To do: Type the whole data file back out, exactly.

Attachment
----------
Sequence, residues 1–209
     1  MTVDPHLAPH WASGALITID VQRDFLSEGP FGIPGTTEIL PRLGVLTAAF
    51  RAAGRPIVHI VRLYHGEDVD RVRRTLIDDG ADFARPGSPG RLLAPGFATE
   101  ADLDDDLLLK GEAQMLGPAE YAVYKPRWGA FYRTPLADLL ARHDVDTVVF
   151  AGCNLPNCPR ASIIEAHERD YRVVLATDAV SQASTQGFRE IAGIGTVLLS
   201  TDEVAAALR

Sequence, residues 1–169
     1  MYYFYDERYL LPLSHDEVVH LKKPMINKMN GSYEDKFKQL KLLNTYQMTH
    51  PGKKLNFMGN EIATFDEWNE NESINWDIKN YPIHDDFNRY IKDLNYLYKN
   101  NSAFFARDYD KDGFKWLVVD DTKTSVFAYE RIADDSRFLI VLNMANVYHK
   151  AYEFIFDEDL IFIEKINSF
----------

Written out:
Sequence, residues 1–209
     1  MTVDPHLAPH WASGALITID VQRDFLSEGP FGIPGTTEIL PRLGVLTAAF
    51  RAAGRPIVHI VRLYHGEDVD RVRRTLIDDG ADFARPGSPG RLLAPGFATE
   101  ADLDDDLLLK GEAQMLGPAE YAVYKPRWGA FYRTPLADLL ARHDVDTVVF
   151  AGCNLPNCPR ASIIEAHERD YRVVLATDAV SQASTQGFRE IAGIGTVLLS
   201  TDEVAAALR

Sequence, residues 1–169
     1  MYYFYDERYL LPLSHDEVVH LKKPMINKMN GSYEDKFKQL KLLNTYQMTH
    51  PGKKLNFMGN EIATFDEWNE NESINWDIKN YPIHDDFNRY IKDLNYLYKN
   101  NSAFFARDYD KDGFKWLVVD DTKTSVFAYE RIADDSRFLI VLNMANVYHK
   151  AYEFIFDEDL IFIEKINSF